With S&P Global Ratings acknowledging that the U.S. economy “could be facing an unhappy summer,” LendingClub Corp. released findings from the 11th edition of the Reality Check: Paycheck-To-Paycheck research series, conducted in partnership with PYMNTS.com.
LendingClub highlighted the Financial Distress Factors Edition examined the financial lifestyle of U.S. consumers who live paycheck to paycheck, the factors that cause financial distress — life-cycle events or life-altering events — and the impact of these financial stressors on their lives.
One of the intriguing takeaways from the new research was 65% of paycheck-to-paycheck consumers have experienced a financially stressful event in the past three years, with sudden income disruptions such as losing a job being the most common.
Moreover, LendingClub noted that half of paycheck-to-paycheck consumers say their salary only covers basic expenses and is one reason behind their financial distress.
“Consumers have experienced a tough last couple of years as different factors have affected their financial lifestyle and there seems to be little relief in sight,”, LendingClub financial health officer Anuj Nayar said in a news release.
“While the specific nature of the event that causes financial distress may vary, it’s clear we all need to plan for the unexpected. It’s simply a matter of time before something will come up to knock even the best laid financial plans askew,” Nayar continued.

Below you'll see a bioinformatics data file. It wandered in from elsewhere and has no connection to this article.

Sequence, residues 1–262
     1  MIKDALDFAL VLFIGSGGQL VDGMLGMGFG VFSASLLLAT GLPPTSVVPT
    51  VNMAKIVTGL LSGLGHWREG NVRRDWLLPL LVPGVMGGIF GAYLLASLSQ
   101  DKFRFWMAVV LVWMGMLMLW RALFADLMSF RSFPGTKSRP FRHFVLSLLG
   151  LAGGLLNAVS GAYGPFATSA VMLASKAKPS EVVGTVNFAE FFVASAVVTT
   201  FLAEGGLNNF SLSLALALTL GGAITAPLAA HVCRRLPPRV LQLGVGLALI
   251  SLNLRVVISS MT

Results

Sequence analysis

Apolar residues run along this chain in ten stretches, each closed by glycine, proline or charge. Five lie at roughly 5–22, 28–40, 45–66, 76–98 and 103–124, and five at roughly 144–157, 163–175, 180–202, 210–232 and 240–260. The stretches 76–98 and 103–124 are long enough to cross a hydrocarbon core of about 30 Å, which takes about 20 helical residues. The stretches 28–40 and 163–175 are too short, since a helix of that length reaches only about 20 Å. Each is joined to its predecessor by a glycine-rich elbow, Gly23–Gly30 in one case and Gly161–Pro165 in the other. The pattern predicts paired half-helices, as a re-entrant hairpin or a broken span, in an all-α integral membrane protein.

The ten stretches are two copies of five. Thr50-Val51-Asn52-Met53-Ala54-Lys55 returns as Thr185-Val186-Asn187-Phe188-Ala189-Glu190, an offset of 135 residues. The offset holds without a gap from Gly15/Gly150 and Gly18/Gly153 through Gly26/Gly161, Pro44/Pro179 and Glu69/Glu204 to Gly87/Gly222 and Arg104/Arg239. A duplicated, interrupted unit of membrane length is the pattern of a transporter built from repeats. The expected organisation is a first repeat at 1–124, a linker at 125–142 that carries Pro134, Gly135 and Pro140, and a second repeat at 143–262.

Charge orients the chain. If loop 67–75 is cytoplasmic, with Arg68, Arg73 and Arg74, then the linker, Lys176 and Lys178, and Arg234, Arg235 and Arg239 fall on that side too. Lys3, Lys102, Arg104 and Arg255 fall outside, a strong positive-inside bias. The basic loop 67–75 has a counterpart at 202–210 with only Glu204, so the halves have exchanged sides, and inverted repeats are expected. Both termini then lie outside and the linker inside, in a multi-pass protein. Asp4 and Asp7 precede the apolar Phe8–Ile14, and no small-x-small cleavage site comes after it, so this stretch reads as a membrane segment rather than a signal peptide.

LendingClub explained that living paycheck to paycheck means devoting all of one’s salary to expenses with little to nothing left over at the end of the month, yet many of these consumers remain credit-worthy, actively managing their cash flows in real time.
The company added that paycheck-to-paycheck consumers fall into two categories: those who can pay their monthly bills easily and those who struggle to do so.
More potential turbulence
In another news release, S&P Global Ratings pointed out that recent indicators show a resilient economy through June, despite rising prices and interest rates, “but there appear to be cracks in the foundation.”
Analysts continued, “As we inch toward potential recession, we expect the Fed’s stronger action to slow hiring and raise unemployment. Under such a scenario, the ‘cure’ for the U.S. economy and jobs market may feel worse than the disease.”
S&P Global Ratings made those assertions in its report Economic Outlook U.S. Q3 2022: The Summer Of Our Discontent published here.
“We continue to expect U.S. GDP growth to slow to 2.4% this year, in line with our preliminary May forecast, though 80 basis points lower than our March estimate of 3.2%,” S&P Global Ratings U.S. chief economist Beth Ann Bovino said in the news release.
“As people learned to live with COVID-19 and prove resilient so far to higher prices at the checkout stand, economic momentum will likely protect the U.S economy this year. What’s around the bend in 2023 is the bigger worry,” Bovino continued.